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A late surviving Pliocene seal from high latitudes of the North Atlantic realm: the latest monachine seal on the southern margin of the North Sea
Dewaele, L.; Lambert, O.; Louwye, S. (2018). A late surviving Pliocene seal from high latitudes of the North Atlantic realm: the latest monachine seal on the southern margin of the North Sea. PeerJ 6: 21.
In: PeerJ. PeerJ: Corte Madera & London. ISSN 2167-8359, meer
Peer reviewed article  

Beschikbaar in  Auteurs 

    Mammalia [WoRMS]; Monachinae; Phocidae Gray, 1821 [WoRMS]
Author keywords
    Mammalia; Phocidae; Monachinae; Pliocene; North Atlantic; North Sea

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    The family of true seals, the Phocidae, is subdivided into two subfamilies: the southern Monachinae, and the northern Phocinae, following the subfamilies’ current distribution: extant Monachinae are largely restricted to the (sub-)Antarctic and the eastern Pacific, with historical distributions of the monk seals of the genus Monachus in the Caribbean, the Mediterranean and around Hawaii; and Phocinae to the northern temperate and Arctic zones. However, the fossil record shows that Monachinae were common in the North Atlantic realm during the late Miocene and early Pliocene. Until now, only one late Pliocene record is known from the Mediterranean, Pliophoca etrusca from Tuscany, Italy, but none from farther north in the North Atlantic.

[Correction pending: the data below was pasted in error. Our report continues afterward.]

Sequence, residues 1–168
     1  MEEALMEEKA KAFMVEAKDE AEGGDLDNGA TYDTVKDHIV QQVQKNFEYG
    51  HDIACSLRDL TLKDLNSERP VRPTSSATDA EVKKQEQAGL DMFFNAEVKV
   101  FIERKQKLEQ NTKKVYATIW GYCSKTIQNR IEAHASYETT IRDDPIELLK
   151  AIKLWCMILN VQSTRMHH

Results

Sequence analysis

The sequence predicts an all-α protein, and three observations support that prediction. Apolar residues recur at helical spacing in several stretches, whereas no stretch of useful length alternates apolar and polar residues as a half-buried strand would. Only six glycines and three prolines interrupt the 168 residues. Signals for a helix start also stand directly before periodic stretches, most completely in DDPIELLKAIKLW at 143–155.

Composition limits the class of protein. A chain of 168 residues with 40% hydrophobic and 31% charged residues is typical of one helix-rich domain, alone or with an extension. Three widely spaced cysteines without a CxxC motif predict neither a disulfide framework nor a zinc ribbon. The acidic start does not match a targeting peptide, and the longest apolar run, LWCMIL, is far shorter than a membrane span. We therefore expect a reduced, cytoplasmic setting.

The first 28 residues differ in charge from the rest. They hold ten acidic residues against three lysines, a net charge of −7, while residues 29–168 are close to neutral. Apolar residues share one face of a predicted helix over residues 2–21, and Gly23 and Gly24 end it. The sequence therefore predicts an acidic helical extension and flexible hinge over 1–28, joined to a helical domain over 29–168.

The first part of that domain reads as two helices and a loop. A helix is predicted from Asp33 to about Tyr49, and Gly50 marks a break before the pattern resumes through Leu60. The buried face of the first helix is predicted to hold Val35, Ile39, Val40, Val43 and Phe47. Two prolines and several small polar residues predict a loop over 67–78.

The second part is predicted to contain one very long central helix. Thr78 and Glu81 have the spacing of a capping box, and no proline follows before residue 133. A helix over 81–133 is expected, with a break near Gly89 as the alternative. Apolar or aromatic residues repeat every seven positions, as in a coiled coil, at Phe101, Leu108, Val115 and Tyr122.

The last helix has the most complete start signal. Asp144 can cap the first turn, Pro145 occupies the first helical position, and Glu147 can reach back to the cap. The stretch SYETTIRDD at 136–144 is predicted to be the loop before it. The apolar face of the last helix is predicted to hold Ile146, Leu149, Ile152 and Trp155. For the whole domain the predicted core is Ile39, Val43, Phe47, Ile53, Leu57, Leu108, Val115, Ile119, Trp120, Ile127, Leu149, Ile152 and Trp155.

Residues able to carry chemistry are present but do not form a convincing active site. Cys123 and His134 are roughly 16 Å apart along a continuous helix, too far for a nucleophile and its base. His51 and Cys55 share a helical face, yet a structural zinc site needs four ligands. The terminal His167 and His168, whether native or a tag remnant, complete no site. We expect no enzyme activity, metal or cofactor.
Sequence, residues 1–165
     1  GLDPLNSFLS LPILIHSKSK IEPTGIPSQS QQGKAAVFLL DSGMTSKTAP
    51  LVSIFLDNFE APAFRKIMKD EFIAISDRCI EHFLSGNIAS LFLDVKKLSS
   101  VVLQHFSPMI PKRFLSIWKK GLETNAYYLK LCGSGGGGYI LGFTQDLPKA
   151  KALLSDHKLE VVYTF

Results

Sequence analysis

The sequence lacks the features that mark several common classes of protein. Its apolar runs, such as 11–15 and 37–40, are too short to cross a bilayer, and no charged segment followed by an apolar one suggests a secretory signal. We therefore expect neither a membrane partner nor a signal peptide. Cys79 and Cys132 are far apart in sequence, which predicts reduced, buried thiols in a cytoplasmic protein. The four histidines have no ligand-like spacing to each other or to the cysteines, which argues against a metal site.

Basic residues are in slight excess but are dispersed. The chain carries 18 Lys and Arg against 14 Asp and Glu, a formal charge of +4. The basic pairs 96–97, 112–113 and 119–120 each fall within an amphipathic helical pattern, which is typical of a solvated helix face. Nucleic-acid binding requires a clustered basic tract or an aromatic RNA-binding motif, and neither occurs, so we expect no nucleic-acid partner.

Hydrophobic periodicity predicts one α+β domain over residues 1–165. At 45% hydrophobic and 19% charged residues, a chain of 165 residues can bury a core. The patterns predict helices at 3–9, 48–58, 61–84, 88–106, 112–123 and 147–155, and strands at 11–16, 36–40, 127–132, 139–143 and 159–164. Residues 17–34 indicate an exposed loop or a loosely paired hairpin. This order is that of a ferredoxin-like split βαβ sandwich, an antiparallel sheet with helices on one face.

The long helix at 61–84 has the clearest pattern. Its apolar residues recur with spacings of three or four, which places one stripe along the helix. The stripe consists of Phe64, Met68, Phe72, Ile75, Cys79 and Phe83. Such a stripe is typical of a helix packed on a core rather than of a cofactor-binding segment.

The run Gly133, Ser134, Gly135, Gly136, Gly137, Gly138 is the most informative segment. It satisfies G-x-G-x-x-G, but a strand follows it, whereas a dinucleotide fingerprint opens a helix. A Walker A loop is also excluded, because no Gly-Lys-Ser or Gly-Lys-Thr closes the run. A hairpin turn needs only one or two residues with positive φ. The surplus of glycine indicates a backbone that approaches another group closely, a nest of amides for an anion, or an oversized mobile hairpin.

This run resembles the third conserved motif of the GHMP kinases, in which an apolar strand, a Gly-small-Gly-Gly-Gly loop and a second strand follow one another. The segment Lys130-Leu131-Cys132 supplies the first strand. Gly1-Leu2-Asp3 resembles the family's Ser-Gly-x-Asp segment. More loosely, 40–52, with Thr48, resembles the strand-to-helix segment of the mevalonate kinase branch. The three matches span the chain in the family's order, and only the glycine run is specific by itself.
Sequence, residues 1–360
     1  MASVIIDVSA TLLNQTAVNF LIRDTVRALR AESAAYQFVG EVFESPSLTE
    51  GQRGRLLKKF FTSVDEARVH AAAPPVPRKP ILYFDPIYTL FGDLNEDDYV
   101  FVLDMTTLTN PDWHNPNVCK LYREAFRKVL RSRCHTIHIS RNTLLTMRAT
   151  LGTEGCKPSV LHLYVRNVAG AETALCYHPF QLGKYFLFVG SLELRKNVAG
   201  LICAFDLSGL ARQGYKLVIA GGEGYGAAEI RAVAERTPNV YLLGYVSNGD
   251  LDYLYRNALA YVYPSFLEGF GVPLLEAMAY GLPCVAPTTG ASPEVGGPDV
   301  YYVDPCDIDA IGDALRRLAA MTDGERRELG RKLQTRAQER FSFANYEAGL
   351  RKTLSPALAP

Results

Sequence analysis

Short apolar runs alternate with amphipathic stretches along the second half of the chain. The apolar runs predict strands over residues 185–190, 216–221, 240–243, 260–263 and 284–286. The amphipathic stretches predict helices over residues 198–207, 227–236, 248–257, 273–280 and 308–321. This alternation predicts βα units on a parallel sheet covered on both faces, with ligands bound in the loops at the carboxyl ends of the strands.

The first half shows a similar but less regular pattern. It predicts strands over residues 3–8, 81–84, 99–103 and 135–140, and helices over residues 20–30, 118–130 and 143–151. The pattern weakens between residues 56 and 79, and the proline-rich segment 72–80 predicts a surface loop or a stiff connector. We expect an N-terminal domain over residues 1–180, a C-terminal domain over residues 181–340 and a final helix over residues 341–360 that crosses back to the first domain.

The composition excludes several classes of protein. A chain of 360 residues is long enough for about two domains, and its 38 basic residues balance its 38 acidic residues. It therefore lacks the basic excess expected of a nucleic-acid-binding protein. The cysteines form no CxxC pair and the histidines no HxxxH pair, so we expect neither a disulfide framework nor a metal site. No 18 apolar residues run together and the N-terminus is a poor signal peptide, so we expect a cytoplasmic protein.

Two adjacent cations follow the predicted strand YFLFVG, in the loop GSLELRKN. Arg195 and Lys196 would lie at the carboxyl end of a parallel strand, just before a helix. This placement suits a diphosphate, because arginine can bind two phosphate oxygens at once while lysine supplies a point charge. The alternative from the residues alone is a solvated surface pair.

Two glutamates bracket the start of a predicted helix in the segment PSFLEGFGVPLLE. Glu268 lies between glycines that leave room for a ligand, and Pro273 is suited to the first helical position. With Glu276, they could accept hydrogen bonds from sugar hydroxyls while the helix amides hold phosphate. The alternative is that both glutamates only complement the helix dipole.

We present the description of one partial phocid humerus collected in the early 20th century from the Antwerp area (Belgium), with an assessment of its stratigraphic origin using data from the literature.


    The studied humerus was recovered during construction works at the former Lefèvre dock in the Antwerp harbour (currently part of the America dock). Combining the information associated to the specimen with data from the literature and from local boreholes, the upper Pliocene Lillo Formation is ascertained as the lithological unit from which the specimen originates. Morphologically, among other features the shape of the deltopectoral crest and the poor development of the supinator crest indicates a monachine attribution for this specimen. The development of the deltopectoral crest is closer to the condition in extant Monachinae than in extinct Monachinae.


    The presented specimen most likely represents a monachine seal and a literature study clearly shows that it came from the latest early to late Pliocene Lillo Formation. This would be the first known monachine specimen from the latest early to late Pliocene of the North Sea, and more broadly from the northern part of the North Atlantic realm. This humerus differs from the humerus of P. etrusca and suggests a higher diversity of Monachinae in the latest early to late Pliocene than previously assumed.

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